WHEN our Federal Constitution came into force on Merdeka Day, Article 121 stated: “The judicial power of the Federation shall be vested in a Supreme Court and such inferior courts as may be provided by federal law.”
Legal balance and harmony was maintained in line with the doctrine of separation of powers because legislative power is vested in Parliament (Article 44), while executive power is vested in the Yang di-Pertuan Agong acting upon advice (Article 39).
The objective of this important constitutional doctrine (originally attributed to French political philosopher de Montesquieu) is that no single arm (organ) of the government shall completely dominate the other. However, absolute separation of powers does not exist here because some of our members of parliament are also, at the same time, members of the administration (in the executive branch of the government).
Subsequent events in our constitutional history saw an erosion of this judicial power. This is evident upon our reading of Article 121 as it stands today, where the important words “judicial power... shall be vested” are now painfully missing. In plain language, the three arms or organs of our government are no longer at par.
Members of the legal fraternity and the judiciary were recently reminded of this segment of our legal history when the Federal Court handed down its remarkable decision in a land acquisition case known as “Semenyih Jaya Sdn Bhd v Pentadbir Tanah Daerah Hulu Langat” on April 20. The facts of the case are summarised below.
The appellant company owned a piece of land in Hulu Langat, Selangor. In January 1997, the company commenced construction for its industrial project known as “Kajang 181 Park”. Part of the land was then acquired under the Land Acquisition Act 1960 (Act 486) for the purpose of constructing the Kajang-Seremban Highway. The appellant was in due course awarded compensation totaling RM20,862,281.75 — representing the sum of RM17,627,400.00 (the value of the land acquired) and RM3,234,881.75 (compensation for the loss suffered from the termination of the project). Unhappy with the amount, the appellant referred the case to the High Court.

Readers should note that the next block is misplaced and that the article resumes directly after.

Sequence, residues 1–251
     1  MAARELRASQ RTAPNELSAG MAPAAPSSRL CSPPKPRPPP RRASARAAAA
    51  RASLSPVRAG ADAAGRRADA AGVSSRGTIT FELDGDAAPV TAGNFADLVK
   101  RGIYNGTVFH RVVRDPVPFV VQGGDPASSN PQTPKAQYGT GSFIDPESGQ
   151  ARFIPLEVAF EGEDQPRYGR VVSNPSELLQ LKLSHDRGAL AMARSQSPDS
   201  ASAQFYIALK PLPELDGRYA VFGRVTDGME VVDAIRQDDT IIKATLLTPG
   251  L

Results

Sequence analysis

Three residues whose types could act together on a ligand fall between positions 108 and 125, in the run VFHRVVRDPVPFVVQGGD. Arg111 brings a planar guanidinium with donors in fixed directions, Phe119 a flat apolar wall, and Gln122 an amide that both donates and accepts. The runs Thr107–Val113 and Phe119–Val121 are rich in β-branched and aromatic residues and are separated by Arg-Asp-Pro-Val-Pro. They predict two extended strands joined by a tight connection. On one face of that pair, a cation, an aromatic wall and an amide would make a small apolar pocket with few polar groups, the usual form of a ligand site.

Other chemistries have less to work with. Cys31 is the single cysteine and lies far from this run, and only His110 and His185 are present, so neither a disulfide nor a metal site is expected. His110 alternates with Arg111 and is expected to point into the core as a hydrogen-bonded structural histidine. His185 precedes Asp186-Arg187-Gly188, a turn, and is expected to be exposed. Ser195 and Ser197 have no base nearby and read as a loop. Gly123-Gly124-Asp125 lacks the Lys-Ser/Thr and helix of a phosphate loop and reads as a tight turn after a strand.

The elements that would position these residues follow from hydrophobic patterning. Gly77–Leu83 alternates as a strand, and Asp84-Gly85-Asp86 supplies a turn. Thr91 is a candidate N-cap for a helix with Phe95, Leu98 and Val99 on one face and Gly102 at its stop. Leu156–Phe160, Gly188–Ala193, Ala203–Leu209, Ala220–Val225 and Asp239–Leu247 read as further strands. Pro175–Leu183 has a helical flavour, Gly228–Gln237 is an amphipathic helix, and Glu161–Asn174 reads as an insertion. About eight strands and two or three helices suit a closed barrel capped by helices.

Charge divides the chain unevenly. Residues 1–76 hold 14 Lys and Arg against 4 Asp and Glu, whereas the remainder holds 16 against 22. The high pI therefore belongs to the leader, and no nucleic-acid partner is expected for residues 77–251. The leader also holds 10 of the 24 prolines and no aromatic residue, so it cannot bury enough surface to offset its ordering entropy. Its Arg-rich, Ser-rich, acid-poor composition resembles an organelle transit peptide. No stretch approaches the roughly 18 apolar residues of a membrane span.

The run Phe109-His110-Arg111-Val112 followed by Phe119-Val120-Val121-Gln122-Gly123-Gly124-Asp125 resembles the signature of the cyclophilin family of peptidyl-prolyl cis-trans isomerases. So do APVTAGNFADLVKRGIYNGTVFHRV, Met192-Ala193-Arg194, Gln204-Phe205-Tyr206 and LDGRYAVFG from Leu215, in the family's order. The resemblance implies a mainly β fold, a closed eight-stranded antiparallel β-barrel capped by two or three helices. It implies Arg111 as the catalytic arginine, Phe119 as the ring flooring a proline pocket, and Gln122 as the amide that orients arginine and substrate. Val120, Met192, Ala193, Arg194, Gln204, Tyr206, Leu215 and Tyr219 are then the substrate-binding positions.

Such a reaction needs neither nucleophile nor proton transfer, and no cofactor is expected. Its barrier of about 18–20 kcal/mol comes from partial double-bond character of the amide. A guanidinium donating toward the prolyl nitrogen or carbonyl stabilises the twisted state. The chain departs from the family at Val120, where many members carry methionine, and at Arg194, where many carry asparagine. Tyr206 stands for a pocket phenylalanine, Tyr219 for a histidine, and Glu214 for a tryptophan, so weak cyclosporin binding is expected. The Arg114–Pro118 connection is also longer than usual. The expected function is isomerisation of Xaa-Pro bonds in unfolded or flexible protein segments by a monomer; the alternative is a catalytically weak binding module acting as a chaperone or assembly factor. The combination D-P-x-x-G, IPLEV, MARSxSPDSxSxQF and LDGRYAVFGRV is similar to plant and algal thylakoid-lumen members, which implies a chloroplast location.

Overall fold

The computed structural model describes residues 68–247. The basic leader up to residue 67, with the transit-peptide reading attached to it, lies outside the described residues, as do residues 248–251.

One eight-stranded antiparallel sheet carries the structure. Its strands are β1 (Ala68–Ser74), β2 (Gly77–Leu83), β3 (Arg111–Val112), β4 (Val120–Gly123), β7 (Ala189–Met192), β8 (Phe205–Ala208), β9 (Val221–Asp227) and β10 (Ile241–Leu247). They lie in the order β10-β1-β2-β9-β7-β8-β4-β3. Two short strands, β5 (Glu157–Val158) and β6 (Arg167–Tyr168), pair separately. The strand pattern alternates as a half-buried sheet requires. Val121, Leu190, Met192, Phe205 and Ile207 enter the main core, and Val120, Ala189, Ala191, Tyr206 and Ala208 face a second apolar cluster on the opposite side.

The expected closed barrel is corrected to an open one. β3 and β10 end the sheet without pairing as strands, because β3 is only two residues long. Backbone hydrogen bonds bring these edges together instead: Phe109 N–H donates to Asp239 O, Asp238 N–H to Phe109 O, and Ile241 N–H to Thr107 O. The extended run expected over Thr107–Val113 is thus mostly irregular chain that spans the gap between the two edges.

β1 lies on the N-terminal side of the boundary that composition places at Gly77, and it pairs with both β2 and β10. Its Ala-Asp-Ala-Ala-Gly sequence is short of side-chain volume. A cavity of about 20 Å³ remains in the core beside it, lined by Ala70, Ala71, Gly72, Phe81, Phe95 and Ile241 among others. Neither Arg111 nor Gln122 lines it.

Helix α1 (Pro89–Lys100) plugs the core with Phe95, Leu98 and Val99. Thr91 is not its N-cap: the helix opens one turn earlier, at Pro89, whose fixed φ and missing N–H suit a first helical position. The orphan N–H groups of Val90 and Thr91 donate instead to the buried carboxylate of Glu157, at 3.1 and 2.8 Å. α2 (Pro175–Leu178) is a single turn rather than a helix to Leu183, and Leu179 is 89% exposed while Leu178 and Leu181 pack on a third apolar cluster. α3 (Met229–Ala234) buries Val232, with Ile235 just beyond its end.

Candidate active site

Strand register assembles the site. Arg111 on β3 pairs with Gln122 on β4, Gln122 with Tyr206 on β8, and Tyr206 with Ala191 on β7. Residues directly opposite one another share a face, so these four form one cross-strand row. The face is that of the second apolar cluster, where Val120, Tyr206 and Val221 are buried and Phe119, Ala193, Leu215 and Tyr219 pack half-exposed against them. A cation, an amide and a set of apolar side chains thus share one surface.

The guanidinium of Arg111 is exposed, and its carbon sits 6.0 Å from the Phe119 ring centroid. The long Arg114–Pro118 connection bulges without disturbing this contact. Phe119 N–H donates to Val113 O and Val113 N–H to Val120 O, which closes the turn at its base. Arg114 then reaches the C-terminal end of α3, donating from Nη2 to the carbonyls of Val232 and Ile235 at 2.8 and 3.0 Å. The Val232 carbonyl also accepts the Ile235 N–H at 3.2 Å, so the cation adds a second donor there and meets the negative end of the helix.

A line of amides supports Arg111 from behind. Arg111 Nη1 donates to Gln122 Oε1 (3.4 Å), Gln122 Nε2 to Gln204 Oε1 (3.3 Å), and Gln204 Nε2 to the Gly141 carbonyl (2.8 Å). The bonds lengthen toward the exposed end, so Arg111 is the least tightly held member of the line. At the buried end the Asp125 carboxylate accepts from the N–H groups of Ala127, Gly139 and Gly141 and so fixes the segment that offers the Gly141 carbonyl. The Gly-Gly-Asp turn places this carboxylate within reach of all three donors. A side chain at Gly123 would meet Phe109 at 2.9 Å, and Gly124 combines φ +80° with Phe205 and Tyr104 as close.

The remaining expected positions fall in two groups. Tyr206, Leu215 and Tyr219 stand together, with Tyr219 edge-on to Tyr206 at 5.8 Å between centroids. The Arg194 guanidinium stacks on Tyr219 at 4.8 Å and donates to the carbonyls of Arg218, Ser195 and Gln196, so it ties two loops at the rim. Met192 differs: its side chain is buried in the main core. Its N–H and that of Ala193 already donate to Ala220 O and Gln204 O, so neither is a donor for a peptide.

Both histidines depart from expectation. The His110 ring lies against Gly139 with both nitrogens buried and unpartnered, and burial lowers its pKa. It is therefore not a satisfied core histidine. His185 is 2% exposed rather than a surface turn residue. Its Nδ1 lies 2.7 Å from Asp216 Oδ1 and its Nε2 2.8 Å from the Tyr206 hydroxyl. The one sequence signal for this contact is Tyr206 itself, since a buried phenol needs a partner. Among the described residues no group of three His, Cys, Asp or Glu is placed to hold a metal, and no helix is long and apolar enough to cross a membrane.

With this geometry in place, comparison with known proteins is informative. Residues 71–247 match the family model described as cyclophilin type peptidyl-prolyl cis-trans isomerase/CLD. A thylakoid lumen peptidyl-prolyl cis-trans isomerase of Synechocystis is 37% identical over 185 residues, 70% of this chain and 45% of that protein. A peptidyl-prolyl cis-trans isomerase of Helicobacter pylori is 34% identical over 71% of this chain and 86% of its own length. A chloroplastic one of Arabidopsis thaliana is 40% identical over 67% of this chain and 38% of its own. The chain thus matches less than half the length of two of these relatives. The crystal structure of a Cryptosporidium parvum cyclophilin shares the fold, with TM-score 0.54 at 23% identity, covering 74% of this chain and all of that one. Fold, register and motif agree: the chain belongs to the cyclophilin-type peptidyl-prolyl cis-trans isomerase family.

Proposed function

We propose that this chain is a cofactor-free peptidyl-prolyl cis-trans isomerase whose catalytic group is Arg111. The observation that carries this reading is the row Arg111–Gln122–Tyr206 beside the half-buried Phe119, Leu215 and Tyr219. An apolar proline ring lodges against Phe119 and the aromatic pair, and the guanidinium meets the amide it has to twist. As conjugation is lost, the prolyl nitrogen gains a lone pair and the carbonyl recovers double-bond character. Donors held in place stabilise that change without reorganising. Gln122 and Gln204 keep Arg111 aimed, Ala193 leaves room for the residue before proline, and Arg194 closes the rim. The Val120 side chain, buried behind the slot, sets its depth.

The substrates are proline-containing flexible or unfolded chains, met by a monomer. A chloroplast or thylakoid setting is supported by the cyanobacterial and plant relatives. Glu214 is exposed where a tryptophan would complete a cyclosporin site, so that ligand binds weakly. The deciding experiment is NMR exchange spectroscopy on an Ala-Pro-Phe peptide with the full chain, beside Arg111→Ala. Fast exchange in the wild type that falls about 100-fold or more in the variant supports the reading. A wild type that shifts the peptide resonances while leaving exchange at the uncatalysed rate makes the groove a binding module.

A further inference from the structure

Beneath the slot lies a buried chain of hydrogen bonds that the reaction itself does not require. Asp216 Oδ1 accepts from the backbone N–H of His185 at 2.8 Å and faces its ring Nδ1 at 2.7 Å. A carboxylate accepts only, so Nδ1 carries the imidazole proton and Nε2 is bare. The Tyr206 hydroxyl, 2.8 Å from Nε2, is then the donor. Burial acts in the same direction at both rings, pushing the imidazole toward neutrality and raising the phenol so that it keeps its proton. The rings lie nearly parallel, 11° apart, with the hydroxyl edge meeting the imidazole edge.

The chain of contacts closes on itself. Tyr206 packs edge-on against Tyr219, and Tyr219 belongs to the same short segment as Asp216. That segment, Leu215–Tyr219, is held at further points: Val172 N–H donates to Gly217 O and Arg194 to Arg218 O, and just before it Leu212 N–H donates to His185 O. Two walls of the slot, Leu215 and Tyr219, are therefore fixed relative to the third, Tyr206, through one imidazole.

At the High Court, the appellant submitted that the compensation awarded was inadequate because the Land Administrator (respondent) failed to consider the appellant’s “other claims” — namely, loss of profits and the costs and expenses arising out of the termination of its commercial project. The appellant submitted that he should be compensated for loss of profits in respect of the sale of the 57 units in the project, which had been concluded when the acquisition took place.
After hearing the submission of both parties, the High Court held that the appellant was also entitled to receive an additional compensation of RM1.16 million “for severance and injurious affection”, but its other claims for compensation were dismissed. Aggrieved by this decision, the appellant appealed to the Court of Appeal but the appeal was dismissed. The appellant then sought leave to appeal to the Federal Court. Six questions of law were framed for the decision of the Federal Court.